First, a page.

VIDEO: A free agent nation – disruptive employment

The world is being completely reshaped by five key disruptive forces: technology, institutional change, demographics, environmental and ethic issues, and shifting social values. This video investigates how one company has created a vision of how this might change the world of work.

There are exciting opportunities for many companies to shift from offering products to offering a suite of services to their clients. And even those companies that already offer services need to re-vision what those services might look like if they were offered as part of an outsourcing type solution for their clients.

This short video highlights one company’s story. How might this look for you?

 


This video of Graeme Codrington was recorded by our good friends at Your Business Channel as part of their ongoing work to capture the best business insights in video format. See more video at our TomorrowToday TV channel.

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Leadership Self-Awareness

I have yet to meet a leader that can effectively solve problems or conflict by way of assertion. In fact, assertion as a means to resolution is highly toxic to your organizational culture.  Assertion is like holding a beach ball under water, holding it steady is consuming and the slightest shift will cause you to lose control of the ball.  Yet time and again leaders default to assertion or bully tactics to try to attain control of problems or conflict, at best this provides a temporary false sense of control.

When leaders engage others by way of assertion it is a clear indicator that they are lacking in self-awareness and perspective-taking; the ability to see the world through someone else’s eyes.  Self-awareness requires an openness to introspect upon how your biases, beliefs and values affect what you say and do and ultimately how you affect those around you.  Few people take notice of how their own biases manifest irrational behavior and even when we do pay attention, it is challenging to change our deep-rooted habits.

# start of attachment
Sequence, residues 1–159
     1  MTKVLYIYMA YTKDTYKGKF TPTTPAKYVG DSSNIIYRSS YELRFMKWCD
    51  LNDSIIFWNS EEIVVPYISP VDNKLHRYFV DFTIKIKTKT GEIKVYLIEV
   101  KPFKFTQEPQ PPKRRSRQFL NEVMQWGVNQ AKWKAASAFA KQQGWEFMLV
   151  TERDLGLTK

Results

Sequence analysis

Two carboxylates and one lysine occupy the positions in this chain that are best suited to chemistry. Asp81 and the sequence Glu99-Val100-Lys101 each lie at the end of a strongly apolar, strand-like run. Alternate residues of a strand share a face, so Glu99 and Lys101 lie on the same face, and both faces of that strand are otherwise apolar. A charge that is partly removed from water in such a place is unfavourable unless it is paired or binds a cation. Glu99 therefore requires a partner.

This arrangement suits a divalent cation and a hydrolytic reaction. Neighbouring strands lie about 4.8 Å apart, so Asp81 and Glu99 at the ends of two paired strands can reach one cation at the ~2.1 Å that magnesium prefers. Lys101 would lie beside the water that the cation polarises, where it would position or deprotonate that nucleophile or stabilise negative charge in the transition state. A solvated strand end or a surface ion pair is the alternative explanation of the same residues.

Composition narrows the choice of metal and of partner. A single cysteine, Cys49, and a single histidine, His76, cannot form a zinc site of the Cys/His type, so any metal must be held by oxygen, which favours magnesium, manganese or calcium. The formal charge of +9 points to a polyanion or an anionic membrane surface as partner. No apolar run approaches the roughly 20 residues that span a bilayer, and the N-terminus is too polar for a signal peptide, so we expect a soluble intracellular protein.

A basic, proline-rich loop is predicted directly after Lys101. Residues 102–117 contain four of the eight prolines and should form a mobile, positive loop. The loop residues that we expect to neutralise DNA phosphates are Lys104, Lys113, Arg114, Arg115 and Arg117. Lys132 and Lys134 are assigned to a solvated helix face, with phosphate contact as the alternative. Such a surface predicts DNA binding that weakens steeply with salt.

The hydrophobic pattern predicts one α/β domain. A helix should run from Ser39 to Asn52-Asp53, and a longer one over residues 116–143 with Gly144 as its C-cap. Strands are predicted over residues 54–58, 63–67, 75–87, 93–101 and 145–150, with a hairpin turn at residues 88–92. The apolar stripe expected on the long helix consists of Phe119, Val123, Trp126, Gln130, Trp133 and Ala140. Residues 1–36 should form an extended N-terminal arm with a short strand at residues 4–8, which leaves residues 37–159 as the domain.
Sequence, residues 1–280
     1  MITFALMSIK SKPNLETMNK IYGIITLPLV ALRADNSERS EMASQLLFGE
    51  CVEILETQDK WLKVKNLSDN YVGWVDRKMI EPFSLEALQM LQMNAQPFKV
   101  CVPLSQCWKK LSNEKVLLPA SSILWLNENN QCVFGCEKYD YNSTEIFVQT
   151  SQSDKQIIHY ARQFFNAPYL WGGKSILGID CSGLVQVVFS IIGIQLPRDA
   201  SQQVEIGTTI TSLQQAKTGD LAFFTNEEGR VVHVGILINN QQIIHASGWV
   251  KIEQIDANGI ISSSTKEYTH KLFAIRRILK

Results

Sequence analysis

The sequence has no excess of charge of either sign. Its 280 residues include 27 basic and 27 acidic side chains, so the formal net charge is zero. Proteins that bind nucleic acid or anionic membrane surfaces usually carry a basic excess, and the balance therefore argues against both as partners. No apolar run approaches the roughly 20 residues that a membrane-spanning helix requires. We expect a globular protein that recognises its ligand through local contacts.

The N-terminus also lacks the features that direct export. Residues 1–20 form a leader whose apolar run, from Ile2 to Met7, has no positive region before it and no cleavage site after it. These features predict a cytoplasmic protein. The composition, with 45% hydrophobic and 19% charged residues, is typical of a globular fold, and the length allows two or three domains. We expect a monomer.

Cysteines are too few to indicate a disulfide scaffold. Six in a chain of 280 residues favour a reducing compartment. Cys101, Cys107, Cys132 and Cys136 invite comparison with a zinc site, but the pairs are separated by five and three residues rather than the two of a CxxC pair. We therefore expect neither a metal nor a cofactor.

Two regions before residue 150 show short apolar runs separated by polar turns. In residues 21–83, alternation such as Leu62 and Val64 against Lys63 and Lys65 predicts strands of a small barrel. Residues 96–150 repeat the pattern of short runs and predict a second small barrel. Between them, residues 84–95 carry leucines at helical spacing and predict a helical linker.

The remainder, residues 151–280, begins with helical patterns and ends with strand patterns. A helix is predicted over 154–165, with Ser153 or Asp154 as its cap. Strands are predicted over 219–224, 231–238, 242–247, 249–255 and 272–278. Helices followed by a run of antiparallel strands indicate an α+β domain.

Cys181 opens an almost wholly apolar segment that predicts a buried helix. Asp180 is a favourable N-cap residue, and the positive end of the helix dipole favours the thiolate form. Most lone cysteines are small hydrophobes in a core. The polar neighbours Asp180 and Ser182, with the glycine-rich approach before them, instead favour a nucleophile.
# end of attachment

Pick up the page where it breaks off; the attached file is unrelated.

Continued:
Problems and conflict are a part of life and your level of self-awareness and perspective-taking shapes your response to them.  As you change your level of consciousness your situation changes.  In fact the most powerful method of resolution is to elevate your level of self-awareness and perspective-taking.

We can view self-awareness through three lenses:

Literal awareness: is when problems or conflict are repetitive in nature, they feel frustrating and draining and your perception is that others are the problem and that you are right.

Symbolic awareness: is when problems or conflict are viewed metaphorically, you recognize the patterns, biases and perceptions that are at the root of the problem.

Creative awareness: is when problems or conflict become opportunities for your creativity to shine, your symbolic awareness has enabled you to discover resourceful ways to find resolution and learn.

When someone pushes your buttons, you are in literal awareness and the key to disabling your buttons is to choose a more symbolic perspective.

Next time you feel the urge to assert yourself to resolve a problem or conflict take a step back and gage your level of self-awareness and then consider the perspective of others before you respond.  The same goes when you feel your buttons being pushed, this is not easy, in fact it is very humbling at first but you will quickly discover that this is the most effective and sustainable path to resolution.

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A question to leaders everywhere: What questions are you asking?

A question to leaders everywhere: What questions are you asking?

Most people collect something or other. For some it is stamps, for others it might be model cars or antiques or things that have little significance beyond the passion of the collector. I too have a collection, albeit an unusual one but one that I think every leader would do well to imitate. I know that may sound somewhat presumptuous but I really do believe that my collection can make a significant difference to those tasked with the heavy responsibility of leadership.

To be honest I’m not quite sure when it all started and it is not the kind of collection that one can display; nor is it one that could be sold as it really doesn’t have any intrinsic value in and of itself. Yes, it is an unusual collection but one I would like to share with you as you make your way in the journey we call ‘leadership’.

I collect questions.

Not just any questions but those kinds of questions that seem to have the ability to turn things inside-out, upside-down and sometimes, right-way up. The kind of questions that can serve as a companion for quite some time and that tend to stick with you whether you like it or not. The kind of questions that are hard to ignore and the type of questions that somehow invite new insights and fresh perspectives. The type of questions that act as gateways to paths previously thought unattainable.